THE UTAH JAZZ began the defense of their Western Conference championship Friday with a plan to do what any conquering army does after a successful campaign - start another one. Once you've won some battles and overrun some countries, it's a hard habit to break.

Actually, the opening of the Jazz's training camp this year has something to do with returning to the NBA Finals, something to do with business, and something to do with laying siege to Idaho's largest city. After years of holding camps in St. George, Salt Lake and Cedar City, they moved their preseason command center to western Idaho with intent to claim the area as part of the Commonwealth of Utah.That the Jazz would be here in foreign territory, after their best season, was first and foremost a simple business decision. Team owner Larry H. Miller, a full-time basketball fan and part-time auto tycoon, bought up a large share of the car dealerships in the Treasure Valley within the past year. His signature slogan "Whatever it takes!"

will now ring all up and down the Boise River.

And because he was feeling so good about things, Miller decided the best way to celebrate would be to bring 17 of his closest friends along - in other words, all the players invited to camp. Karl Malone was way ahead of him, having his Harley-Davidson shipped up to help him get through the down times. But the rest of the players will probably spend most of their time trying to decide if they want to see the Idaho Botanical Gardens or just stay in their rooms.

Although Boise is a six-hour drive away from Salt Lake City, the Jazz have been eyeing Idaho's capital city for several years, trying to decide whether to annex it as part of the Jazz empire. It remains an intriguing city to conquer.

Traditionally, Boise has been the domain of the Portland Trail Blazers - a team that held its training camp in the City of Trees numerous times. They have commanded most of the NBA loyalty in the city. Seattle, too, has a significant number of fans here.

However, that was before the Jazz started making their move. They played preseason games here in 1984 and 1987, not surprisingly against the Blazers. Next, they went to the Western Conference Finals three times in five years, thus drawing increasing attention to themselves. Last year they went to the NBA Finals, outstripping the Blazers in both success and publicity. While the Blazers were busy trying to figure out how to handle such troublesome stars as Rasheed Wallace and Isaiah Rider, the Jazz were working on their citizenship merit badges.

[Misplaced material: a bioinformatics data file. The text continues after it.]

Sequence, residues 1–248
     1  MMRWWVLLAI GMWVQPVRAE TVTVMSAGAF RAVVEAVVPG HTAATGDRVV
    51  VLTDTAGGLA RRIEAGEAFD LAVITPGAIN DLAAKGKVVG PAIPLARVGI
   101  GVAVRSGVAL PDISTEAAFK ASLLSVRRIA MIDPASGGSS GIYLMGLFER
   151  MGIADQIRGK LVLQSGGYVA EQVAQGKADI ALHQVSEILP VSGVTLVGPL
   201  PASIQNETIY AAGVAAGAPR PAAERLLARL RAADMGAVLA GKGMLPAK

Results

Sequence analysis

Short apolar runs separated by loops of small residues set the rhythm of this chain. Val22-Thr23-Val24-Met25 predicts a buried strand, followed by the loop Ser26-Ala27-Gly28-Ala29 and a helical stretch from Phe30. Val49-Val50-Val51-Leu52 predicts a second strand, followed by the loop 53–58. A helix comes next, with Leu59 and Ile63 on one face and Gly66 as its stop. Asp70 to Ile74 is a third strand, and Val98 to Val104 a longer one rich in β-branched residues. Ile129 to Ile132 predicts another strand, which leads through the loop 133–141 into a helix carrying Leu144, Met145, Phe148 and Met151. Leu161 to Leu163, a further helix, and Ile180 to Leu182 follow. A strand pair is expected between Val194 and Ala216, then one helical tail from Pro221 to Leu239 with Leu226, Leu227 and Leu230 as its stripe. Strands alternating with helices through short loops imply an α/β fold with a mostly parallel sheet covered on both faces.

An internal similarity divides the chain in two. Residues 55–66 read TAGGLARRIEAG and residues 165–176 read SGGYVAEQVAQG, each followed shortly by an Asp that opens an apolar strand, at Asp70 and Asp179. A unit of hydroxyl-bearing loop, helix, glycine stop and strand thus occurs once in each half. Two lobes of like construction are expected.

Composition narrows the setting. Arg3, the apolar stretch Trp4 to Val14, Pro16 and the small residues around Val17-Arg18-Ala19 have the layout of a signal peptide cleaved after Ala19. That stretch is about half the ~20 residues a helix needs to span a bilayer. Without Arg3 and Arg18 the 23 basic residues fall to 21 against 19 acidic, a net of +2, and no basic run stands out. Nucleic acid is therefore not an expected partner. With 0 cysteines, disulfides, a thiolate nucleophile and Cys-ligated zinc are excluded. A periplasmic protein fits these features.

Then Miller bought up most of the cars in Idaho and started plotting his takeover.

"This is a place we consider Jazz territory," said Jazz vice president for public relations, Dave Allred.

In the 1820s - just after Robert Parish signed his first contract - the North West Fur Trading Company began setting up shop in the area. Legend has it that upon seeing the tree-lined river from what is now Bonneville Point, French fur traders exclaimed, "Les Boise! Les Boise!" which interpreted means "Let's put a Larry H. Miller car dealership here!"

But the dealership, and the Jazz, were a long time arriving. First, the city grew to a metropolitan population of more than 300,000. In the process it became a city most NBA teams would like to be aligned with. It has its own university, art museum, choir, philharmonic orchestra, ballet company, opera company and - the ultimate sign of civilization - a string of Starbucks coffee houses. As it grew, it acquired thousands of displaced Californians, who moved up to take advantage of the cheap real estate and blue skies.

Consequently, the Jazz have been keeping their eyes on Boise for some time, lurking in the background, hoping to become the city's adopted team. They arrived Thursday night under cover of darkness to implement the plan, and the first shot in the battle over Boise was fired. The Jazz were staking claim to the biggest city in Idaho. And from now on, anyone living in Boise can assume that when Miller utters his slogan "Whatever it takes!," he isn't just talking about selling cars; he's talking about expanding the empire.